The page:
My lovely teaching assistant is throwing a party tonight for our freshman students -- pizza and games. When we asked in class what games, she threw out some choices -- Scene It, Cranium, and Telephone Pictionary.
A student immediately requested Scene It, which is a DVD game about identifying movies. I confidently replied that they don't want to be playing me in Scene It. Actually, I've never played the game, but you know, I've had a few more years on this earth to see movies compared to these 18-year-olds. Plus, movies are a part of my job, and a lot of my husband's job. I know something about movies.
I'm competitive. When I play games, I like to win; and if I can't win, I like to be in the game. In a way, playing a game like Scene It, where I'd be expected to do well, there's no way to come out on top. If I win, it's nothing special; if I don't, it's embarrassing. Really, the only way to have fun in that scenario is to stay out altogether.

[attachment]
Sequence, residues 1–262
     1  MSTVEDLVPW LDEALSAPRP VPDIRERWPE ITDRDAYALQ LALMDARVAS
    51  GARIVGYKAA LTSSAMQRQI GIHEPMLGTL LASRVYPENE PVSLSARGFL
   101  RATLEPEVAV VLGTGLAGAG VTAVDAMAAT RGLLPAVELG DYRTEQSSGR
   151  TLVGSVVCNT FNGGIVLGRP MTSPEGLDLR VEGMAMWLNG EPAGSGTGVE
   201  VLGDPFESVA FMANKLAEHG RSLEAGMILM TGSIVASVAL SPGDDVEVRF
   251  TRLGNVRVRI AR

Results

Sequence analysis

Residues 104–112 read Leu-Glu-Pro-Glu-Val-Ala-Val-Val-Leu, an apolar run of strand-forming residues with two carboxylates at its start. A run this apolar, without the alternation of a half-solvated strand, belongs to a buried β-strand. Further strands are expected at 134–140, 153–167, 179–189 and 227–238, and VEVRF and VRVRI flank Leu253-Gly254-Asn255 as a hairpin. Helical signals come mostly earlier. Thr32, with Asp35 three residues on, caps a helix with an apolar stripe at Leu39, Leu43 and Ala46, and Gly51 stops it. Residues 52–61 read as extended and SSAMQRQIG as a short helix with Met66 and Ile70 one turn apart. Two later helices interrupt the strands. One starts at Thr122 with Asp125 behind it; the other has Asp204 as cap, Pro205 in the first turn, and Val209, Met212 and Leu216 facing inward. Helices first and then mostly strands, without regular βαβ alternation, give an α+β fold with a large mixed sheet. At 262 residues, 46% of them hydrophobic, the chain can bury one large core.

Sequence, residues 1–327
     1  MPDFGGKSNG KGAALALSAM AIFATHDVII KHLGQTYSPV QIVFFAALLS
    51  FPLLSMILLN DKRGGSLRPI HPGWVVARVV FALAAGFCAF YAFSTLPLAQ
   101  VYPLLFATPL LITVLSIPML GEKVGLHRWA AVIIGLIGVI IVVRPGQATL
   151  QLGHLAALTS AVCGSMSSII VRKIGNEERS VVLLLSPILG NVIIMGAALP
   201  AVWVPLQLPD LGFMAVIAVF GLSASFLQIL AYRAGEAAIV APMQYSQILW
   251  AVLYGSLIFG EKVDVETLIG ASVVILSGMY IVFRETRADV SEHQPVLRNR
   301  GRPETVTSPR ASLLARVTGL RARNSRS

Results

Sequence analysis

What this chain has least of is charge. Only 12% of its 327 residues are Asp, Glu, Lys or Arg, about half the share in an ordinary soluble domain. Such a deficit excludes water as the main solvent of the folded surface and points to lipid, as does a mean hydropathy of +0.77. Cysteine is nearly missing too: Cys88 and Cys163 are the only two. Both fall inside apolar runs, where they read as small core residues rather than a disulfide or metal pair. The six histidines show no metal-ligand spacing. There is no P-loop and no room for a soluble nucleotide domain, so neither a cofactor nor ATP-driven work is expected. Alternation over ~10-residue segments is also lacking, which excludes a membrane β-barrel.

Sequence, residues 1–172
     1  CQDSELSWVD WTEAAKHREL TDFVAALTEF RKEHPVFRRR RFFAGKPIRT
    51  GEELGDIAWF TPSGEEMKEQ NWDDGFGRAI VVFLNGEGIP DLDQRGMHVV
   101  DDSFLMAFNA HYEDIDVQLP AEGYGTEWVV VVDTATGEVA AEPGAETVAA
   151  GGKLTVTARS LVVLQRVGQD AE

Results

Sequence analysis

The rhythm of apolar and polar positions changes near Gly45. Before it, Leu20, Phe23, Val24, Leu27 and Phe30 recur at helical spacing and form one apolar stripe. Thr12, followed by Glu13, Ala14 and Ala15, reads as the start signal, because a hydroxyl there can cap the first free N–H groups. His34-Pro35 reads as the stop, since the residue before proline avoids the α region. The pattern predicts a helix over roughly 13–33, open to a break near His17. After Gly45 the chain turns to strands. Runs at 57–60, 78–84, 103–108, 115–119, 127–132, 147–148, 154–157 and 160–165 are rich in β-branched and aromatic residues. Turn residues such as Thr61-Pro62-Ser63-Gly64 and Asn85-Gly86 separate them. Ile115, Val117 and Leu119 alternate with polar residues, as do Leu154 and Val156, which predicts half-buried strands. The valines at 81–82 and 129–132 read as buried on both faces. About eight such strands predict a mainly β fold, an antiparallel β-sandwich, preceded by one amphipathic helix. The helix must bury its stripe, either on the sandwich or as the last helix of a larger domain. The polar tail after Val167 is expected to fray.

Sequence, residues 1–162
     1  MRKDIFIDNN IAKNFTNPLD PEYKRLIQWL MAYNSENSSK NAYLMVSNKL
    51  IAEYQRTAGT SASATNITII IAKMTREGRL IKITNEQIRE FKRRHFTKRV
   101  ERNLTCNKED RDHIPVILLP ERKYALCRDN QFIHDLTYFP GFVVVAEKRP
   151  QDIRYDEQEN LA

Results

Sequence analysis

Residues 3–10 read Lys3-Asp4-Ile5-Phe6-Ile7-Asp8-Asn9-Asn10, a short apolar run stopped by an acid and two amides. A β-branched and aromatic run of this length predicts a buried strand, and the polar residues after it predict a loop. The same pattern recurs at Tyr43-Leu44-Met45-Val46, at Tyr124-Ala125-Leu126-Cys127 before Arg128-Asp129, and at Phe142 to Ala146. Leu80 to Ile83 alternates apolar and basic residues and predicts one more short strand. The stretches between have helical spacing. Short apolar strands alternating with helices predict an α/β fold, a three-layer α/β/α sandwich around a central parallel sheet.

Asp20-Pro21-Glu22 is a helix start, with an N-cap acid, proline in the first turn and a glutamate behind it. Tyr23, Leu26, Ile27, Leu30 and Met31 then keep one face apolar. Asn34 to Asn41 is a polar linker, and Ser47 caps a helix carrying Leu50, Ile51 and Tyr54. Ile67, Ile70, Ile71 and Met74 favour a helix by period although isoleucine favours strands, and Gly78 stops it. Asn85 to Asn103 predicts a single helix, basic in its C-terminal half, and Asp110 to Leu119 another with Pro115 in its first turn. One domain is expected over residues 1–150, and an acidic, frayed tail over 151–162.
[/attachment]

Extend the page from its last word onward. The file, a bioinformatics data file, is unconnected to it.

One of my students told me that in her house, anybody with a negative attitude during a game has to wear "the bitter hat." Let me tell you, I'd be wearing the bitter hat much of the time. I tend to complain vocally about bad luck and to whine about being far behind. Of course, I also crow unmercifully when I'm ahead. In short, I'm probably not much fun around the card table.
Yet although I sometimes enter into games unwillingly -- because they represent a chance to lose, and not much to be gained -- I really enjoy competing. It's painful for me to stay out of a game. I'm lucky if I can find good partners and good sports to play with me. And I should remember to be thankful when they do -- especially if they come back for more.